-1

Let $p$ be prime and $n = p^2$. Show that the polynomial $1+px$ has a multiplicative inverse in $\mathbb{Z}_n[x]$. Is this polynomial invertible if $n = p^k$ for arbitrary $k>0$?

user26857
  • 1
  • 13
  • 62
  • 125
kt046172
  • 505
  • 2
  • 15

2 Answers2

2

$(1+px)(1-px)=1-p^2x^2=1$ and so $1+px$ has a multiplicative inverse.

If $n=p^k$ the same idea works. The inverse is $$1-px+(px)^2-(px)^3+...$$

0

Well we need $(1+px)P(x) \equiv 1$ so if $P(x) = \sum_{k=0}^m a_k x^k$ we must have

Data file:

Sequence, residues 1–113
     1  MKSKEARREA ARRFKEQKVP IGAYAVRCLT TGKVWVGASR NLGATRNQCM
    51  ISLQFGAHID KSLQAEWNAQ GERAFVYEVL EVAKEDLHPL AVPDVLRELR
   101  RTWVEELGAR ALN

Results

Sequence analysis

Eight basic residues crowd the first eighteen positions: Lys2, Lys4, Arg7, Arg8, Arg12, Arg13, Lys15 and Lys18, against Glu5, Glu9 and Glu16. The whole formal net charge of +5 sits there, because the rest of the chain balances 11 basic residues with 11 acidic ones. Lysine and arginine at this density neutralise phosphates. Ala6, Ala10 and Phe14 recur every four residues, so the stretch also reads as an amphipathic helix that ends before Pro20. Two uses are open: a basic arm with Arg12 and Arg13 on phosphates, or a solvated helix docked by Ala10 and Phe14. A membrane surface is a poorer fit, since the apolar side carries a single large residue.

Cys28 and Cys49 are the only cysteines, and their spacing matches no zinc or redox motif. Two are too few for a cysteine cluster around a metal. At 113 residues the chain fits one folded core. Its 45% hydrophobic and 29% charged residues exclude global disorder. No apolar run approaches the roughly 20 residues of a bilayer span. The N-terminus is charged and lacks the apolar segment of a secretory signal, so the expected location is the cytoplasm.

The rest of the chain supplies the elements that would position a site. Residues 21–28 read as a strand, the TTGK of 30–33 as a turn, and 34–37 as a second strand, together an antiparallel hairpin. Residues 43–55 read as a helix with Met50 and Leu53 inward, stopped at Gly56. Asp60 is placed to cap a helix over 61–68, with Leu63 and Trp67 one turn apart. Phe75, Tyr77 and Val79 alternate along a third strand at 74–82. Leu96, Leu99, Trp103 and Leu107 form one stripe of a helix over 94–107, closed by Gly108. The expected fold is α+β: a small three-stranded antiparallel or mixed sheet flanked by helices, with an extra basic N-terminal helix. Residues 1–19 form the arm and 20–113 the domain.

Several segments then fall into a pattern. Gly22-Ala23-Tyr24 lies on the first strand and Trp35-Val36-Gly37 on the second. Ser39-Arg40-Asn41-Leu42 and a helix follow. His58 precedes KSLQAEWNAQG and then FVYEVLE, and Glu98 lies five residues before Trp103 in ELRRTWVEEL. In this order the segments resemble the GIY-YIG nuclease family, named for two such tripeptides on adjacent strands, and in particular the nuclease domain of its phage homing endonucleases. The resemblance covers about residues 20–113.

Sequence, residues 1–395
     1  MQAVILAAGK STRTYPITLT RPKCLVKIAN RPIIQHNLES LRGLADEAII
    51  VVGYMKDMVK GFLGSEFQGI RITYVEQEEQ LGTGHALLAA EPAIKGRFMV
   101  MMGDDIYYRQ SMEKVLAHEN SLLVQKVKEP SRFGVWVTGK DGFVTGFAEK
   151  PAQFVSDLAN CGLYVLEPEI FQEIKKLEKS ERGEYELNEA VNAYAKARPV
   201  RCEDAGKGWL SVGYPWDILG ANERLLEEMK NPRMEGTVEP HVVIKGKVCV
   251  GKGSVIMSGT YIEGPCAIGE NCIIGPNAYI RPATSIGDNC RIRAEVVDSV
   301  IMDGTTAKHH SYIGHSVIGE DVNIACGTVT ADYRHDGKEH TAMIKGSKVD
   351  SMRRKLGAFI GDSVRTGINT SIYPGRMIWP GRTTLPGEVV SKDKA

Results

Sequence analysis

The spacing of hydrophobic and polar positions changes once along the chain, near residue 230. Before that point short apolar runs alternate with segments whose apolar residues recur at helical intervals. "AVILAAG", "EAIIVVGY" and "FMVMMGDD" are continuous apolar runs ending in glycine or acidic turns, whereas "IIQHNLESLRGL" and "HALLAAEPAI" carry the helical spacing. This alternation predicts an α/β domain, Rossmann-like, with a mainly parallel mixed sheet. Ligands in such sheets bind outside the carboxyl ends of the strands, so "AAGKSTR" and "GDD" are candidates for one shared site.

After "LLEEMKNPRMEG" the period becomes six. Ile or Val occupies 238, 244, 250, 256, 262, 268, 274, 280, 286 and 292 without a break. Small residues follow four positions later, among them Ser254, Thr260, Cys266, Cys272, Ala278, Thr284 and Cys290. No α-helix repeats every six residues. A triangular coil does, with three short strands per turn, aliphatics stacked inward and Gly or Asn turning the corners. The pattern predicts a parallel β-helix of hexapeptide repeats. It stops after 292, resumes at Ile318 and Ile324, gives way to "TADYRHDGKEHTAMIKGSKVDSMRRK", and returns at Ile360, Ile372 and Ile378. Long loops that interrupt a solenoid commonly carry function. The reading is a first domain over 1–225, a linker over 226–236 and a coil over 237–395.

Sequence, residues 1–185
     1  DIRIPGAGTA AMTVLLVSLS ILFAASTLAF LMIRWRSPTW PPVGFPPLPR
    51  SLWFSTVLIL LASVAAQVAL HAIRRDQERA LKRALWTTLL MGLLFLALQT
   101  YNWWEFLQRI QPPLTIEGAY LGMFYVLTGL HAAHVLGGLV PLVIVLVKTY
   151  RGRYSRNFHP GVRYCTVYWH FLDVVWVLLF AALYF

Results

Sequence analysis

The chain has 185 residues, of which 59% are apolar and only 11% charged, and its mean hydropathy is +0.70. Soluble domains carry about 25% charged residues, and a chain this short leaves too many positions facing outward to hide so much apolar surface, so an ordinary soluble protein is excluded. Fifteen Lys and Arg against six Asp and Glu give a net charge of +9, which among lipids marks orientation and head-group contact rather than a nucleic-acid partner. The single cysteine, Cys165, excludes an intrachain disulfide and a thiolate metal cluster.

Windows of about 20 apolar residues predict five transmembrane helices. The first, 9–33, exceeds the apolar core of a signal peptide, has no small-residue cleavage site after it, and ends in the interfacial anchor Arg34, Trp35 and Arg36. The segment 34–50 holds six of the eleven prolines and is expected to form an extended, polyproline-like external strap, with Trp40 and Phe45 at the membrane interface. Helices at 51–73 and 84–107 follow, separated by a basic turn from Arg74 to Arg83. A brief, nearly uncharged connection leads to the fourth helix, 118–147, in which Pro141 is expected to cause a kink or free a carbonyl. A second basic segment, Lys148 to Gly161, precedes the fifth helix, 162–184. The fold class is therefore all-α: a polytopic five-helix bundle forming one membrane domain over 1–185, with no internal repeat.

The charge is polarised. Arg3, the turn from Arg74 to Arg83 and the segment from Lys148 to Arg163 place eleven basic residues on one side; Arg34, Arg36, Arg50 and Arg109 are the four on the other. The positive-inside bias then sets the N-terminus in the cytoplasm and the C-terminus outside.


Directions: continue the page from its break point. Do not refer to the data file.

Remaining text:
$(1+px)\sum_{k=0}^m a_k x^k = \sum_{k=0}^m a_k x^k + \sum_{k=0}^m pa_k x^{k+1}= a_0 + \sum_{k=1}^m (pa_{k-1}+ a_k)x^k + pa_m x^{m+1}$ were

$a_0 \equiv 1 \pmod n$ for $k=1,....m$ that $pa_{k-1}\equiv -a_{k}\pmod n$ and that $pa_m \equiv 0 \mod n$

So $pa_0 \equiv p \equiv -a_1\pmod n$ so $a_1 \equiv -p\pmod n$. And $p*a_1 = -p^2\equiv 0\equiv -a_2$ so $a_2 \equiv 0\pmod n$.

So $P(x) = 1 - px$ and $(1 + px)(1-px) = 1-p^2x^2 \equiv 1\pmod n$.

That's it.

fleablood
  • 1
  • 5
  • 39
  • 125